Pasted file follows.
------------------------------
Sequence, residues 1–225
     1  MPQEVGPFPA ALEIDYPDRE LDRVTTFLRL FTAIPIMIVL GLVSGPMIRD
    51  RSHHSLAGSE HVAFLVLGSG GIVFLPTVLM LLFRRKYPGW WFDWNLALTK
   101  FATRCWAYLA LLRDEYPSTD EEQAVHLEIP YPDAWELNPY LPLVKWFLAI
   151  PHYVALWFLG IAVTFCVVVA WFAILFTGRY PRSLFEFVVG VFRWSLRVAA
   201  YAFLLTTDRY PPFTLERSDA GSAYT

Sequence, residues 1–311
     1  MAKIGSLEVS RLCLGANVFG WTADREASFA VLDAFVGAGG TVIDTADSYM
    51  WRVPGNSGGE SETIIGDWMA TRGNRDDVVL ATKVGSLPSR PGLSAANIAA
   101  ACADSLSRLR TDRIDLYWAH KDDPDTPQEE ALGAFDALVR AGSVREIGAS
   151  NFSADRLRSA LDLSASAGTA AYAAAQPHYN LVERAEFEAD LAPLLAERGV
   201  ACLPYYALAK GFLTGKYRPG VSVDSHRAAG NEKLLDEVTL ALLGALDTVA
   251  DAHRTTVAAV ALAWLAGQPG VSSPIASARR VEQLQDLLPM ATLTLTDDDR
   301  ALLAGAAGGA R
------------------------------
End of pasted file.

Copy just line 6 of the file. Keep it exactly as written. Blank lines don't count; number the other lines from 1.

   201  YAFLLTTDRY PPFTLERSDA GSAYT